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Wednesday, August 15, 2012

X-amining Uncanny X-Men #167

"The Goldilocks Syndrome! (Or: "Who's Been Sleeping in My Head?")"
March 1983

In a Nutshell 
The X-Men return to Earth. 

Writer: Chris Claremont
Penciller: Paul Smith
Inker: Bob Wiacek
Letterer: Tom Orzechowski
Colorist: Yanchus & Wein
Editor: Louise Jones
Editor-in-Chief: Jim Shooter

Plot
The New Mutants are watching Magnum P.I. when the X-Men burst into the mansion, hoping to take Professor X by surprise. The New Mutants fight back, but Kitty manages to sneak into Professor Xavier's study. However, she hesitates firing on him, at which point he transforms into a Brood Queen and attacks her. As the Brood Queen taunts the X-Men, Cyclops blasts her outside. The X-Men give chase, and their combined efforts are enough to allow Professor Xavier's lingering consciousness to briefly take control of the Brood's body. He begs the X-Men to kill him before the transformation is complete, but Cyclops is unwilling to do so, determined to find another way to resolve the situation.


Later, aboard the Starjammer, the X-Men wait as Sikorsky and Moira attempt to clone a new body for Professor X in order to transfer his mind into it. Corsair declares he intends to remain in space with the Starjammers, but tells Cyclops he wants to take his son to meet his grandparents first. Meanwhile, Gladiator of the Imperial Guard arrives to tell Lilandra that Deathbird has declared herself Empress, causing Lilandra to wonder if she has the strength to mount another rebellion. With the cloning procedure a success, the X-Men gather as Professor X attempts to walk on his new and undamaged legs, but psychosomatic pain prevents him from doing so; he'll have to work to overcome it. Professor X then formally introduces the X-Men to the New Mutants, and declares that, with students her own age at the school now Kitty is to be demoted to the New Mutants. 

Firsts and Other Notables
Professor X's mind is transferred into a new cloned body this issue, which will (eventually) enable him to walk once again. Thus, this marks the beginning of a unique era for the book, one in which Xavier's direct involvement with the team is increased, rather than the usual plot devices that see him sidelined, depowered, or written out for issues at a time. It also means that, to this day Professor X is technically a clone, something that isn't referenced very often, probably for the best.  


This issue marks the first meeting between the X-Men and New Mutants. As the two teams will now be sharing the mansion, the next forty or so issues of both titles will often feature various members of both teams weaving in and out of their respective books. Also, a footnote in this issue directs readers to New Mutants #3, though that issue wasn't on sale until a month after this one.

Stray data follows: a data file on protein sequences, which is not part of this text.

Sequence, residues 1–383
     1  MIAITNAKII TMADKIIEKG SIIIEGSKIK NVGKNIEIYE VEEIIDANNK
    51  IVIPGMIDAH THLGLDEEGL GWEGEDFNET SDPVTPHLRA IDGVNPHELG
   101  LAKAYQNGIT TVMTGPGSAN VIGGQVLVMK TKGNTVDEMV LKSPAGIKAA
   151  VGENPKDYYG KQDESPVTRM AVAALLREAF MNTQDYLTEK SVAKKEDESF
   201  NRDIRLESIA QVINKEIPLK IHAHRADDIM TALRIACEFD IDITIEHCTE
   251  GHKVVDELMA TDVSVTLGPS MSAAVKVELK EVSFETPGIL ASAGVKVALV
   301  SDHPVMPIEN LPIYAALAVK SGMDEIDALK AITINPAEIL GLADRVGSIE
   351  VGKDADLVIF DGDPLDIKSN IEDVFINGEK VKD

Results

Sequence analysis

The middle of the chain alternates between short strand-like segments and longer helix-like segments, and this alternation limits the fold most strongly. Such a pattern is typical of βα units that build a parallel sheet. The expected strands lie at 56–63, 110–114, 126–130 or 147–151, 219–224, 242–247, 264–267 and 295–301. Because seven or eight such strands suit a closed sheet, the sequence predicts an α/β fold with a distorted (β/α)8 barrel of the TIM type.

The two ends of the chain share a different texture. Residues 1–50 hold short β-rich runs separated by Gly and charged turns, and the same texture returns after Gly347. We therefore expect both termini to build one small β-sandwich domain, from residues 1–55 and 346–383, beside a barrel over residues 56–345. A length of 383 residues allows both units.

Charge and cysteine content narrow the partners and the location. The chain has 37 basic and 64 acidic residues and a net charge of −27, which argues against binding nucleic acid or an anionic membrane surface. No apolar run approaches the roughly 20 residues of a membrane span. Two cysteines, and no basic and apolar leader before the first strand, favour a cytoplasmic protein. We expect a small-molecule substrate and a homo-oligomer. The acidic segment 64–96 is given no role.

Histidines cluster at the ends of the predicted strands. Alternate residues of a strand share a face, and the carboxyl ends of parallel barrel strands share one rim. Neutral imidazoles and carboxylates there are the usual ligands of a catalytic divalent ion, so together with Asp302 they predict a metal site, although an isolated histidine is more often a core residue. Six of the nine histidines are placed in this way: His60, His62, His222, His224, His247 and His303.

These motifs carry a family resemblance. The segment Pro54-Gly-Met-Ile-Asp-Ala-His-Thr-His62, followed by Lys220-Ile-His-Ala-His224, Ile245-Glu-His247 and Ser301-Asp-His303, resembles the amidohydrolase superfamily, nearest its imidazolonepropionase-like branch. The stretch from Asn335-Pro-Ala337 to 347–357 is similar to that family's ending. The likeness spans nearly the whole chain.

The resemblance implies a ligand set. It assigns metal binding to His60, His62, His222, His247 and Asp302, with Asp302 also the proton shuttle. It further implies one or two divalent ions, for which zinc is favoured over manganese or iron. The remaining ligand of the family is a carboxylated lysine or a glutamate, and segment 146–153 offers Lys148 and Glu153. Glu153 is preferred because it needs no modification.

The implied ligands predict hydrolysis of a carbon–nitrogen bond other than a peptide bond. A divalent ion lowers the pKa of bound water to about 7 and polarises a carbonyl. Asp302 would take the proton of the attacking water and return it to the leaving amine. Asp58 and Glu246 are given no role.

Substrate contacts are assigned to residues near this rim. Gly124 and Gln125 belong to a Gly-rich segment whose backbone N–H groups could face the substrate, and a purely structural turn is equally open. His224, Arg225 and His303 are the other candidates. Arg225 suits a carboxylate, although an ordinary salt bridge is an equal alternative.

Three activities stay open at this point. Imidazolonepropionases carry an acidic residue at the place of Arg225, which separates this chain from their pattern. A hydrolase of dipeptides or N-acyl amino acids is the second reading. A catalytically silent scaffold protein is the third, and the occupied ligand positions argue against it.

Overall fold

Cyclops learns that his grandparents, Corsair's parents, are still alive.


Gladiator arrives aboard the Starjammer, looking for Lilandra. He mentions encountering the Fantastic Four, a confrontation that was depicted in Fantastic Four #249-250. He then informs Lilandra that Galactus had recently come to Earth to die, but Reed Richards worked to save his life, as seen in Fantastic Four #242-244. This prompts Lilandra to contact Reed and essentially browbeat him for saving Galactus.


Not surprisingly, some combination of Claremont's thinly-veiled criticism of the story and his use of the FF without running it by the Fantastic Four editorial team irritated the book's writer, John Byrne, which led to the classic "Trial of Reed Richards" story in Fantastic Four #262, in which Reed is put on trial by a galactic tribunal for helping Galactus and ultimately acquitted when it's determined that Galactus isn't evil. Read more about it here.  

According to the Marvel Index, between this issue and X-Men Annual #6, the X-Men appeared in the three issue Contest of Champions limited series. Notable for introducing a variety of international heroes that never quite took off (such as Shamrock or Peregrine), the story found the heroes of Earth pitted against each other as pawns in a cosmic game being waged by Elder of the Universe Grandmaster against Death for the life of his fellow Elder, the Collector. Published in the summer of 1982, it is often cited as Marvel's first limited series, though I have no idea if that's accurate (it seems a dubious claim; if it did beat the Wolverine limited series to shelves, it did so only by a month or two at most). The X-Men's involvement in the story is fairly limited, and never referenced in the main series, which is why I chose not to cover it. 

A Work in Progress
Kitty debuts a new pirate-themed costume this issue, though it doesn't stick around long. She's also wielding one of the Brood's blasters.


As the X-Men burst into the school, Sam instinctively takes charge.


Kitty wonders if Professor X was subconsciously influenced by the Brood Queen inside him to recruit the New Mutants as potential Brood hosts. 

Storm is unable to kill the Brood Queen, while Cyclops compares Professor X's situation to Jean's, refusing to once again to accept the idea that someone he cares about has to die. 


Moira and Illyana join the X-Men and the New Mutants aboard the Starjammer, presumably beamed up from Muir Isle, though Banshee apparently stayed behind.


Storm tries not to be bothered by the fact that Kitty overlooks her after she wakes up from her injuries.


Nightcrawler worries about the New Mutants accepting his appearance.